A custodial account is a fund set up by an adult for a beneficiary ...
  6. Shareholder Value

    The value delivered to shareholders because of management's ability ...
Related Articles
  1. Investing

    How To Calculate Minority Interest

    Minority interest calculations require the use of minority shareholders’ percentage ownership of a subsidiary, after controlling interest is acquired.
  2. Retirement

    Designating a minor as an IRA beneficiary

    Leaving an IRA to minors can be a complicated procedure. Make sure you understand how your gift will be distributed, managed and taxed.
  3. Managing Wealth

    Can I Become An Angel Investor?

    Because of SEC rules, you already need significant assets to become an angel investor.
  4. Investing

    Stock Rights Issue

    Rights are offers that allow existing stockholders to buy additional shares at a predetermined price, for a set time period. Usually, the number of shares the investor can purchase are in proportion ...
  5. Investing

    What Does Negative Shareholder Equity On A Balance Sheet Mean?

    Negative shareholder equity on a company’s balance sheet is a red flag that should prompt potential investors to take a closer look before committing their money.
  6. Investing

    A Peek Into Shareholder Meetings

    Shareholder meetings can be glamorous, exciting or controversial, but not particularly revelatory.
  7. Small Business

    Whom Should Corporations Please?

    Companies balance the interests of owners, customers and employees. Find out who comes out on top.
  8. Small Business

    How To Raise Seed Capital and Grow Your Startup

    To get a business off the ground, entrepreneurs need a clear understanding of how to strategically position themselves for VC firms and angel investors.
  9. Investing

    Investing in Stock Rights and Warrants

    Learn why many companies choose to issue rights or warrants as an alternative means of generating capital and how their value is determined.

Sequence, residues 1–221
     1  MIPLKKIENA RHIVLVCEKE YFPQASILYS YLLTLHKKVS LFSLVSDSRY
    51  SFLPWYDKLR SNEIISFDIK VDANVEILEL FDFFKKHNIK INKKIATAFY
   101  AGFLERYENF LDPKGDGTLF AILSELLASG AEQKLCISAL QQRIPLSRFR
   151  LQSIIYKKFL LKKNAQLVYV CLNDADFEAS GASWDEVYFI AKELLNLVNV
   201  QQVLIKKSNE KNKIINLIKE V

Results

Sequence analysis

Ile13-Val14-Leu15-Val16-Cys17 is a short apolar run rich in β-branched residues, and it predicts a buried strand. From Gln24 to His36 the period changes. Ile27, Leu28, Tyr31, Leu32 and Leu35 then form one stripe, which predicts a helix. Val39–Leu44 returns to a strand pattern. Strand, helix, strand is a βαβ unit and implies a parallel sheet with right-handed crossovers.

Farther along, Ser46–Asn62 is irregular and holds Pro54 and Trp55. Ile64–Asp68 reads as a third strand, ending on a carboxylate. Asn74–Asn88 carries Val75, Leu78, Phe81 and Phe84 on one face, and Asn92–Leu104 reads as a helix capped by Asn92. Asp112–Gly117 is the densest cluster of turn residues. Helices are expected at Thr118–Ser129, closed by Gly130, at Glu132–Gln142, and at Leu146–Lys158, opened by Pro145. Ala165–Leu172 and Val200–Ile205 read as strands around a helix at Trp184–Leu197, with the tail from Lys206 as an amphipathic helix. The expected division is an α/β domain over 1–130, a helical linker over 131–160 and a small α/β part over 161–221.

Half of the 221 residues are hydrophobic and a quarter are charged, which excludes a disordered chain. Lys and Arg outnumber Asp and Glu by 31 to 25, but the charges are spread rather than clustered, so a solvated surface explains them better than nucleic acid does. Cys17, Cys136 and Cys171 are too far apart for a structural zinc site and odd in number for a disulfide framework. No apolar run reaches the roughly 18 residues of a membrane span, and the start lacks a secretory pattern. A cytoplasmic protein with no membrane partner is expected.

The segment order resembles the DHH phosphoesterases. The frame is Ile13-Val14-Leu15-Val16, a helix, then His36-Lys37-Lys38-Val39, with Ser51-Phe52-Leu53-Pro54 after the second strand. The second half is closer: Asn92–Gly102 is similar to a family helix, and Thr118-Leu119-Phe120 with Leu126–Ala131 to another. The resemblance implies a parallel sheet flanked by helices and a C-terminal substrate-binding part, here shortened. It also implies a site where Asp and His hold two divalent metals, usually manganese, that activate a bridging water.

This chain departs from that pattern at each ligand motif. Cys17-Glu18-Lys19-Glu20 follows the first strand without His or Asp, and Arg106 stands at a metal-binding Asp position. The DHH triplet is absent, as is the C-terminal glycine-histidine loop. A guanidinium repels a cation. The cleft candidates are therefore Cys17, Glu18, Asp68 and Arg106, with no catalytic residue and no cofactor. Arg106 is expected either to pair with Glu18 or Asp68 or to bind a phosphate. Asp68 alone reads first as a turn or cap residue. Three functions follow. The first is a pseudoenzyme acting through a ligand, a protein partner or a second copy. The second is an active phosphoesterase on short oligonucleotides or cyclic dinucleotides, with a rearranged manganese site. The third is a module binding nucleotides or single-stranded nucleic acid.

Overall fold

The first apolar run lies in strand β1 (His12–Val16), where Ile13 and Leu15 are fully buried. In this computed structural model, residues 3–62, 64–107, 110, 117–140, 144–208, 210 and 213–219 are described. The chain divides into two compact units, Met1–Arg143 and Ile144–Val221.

RELATED FAQS
  1. What rights do all common shareholders have?

    Learn what rights all common shareholders have, and understand the remedies that can be taken if those rights are violated ... Read Answer >>
  2. How does privatization affect a company's shareholders?

    The most recognized transition between the private and public markets is an initial public offering (IPO). Through an IPO, ... Read Answer >>
Hot Definitions
  1. Gross Margin

    A company's total sales revenue minus its cost of goods sold, divided by the total sales revenue, expressed as a percentage. ...
  2. Inflation

    Inflation is the rate at which prices for goods and services is rising and the worth of currency is dropping.
  3. Discount Rate

    Discount rate is the interest rate charged to commercial banks and other depository institutions for loans received from ...
  4. Economies of Scale

    Economies of scale refer to reduced costs per unit that arise from increased total output of a product. For example, a larger ...
  5. Quick Ratio

    The quick ratio measures a company’s ability to meet its short-term obligations with its most liquid assets.
  6. Leverage

    Leverage results from using borrowed capital as a source of funding when investing to expand the firm's asset base and generate ...
Trading Center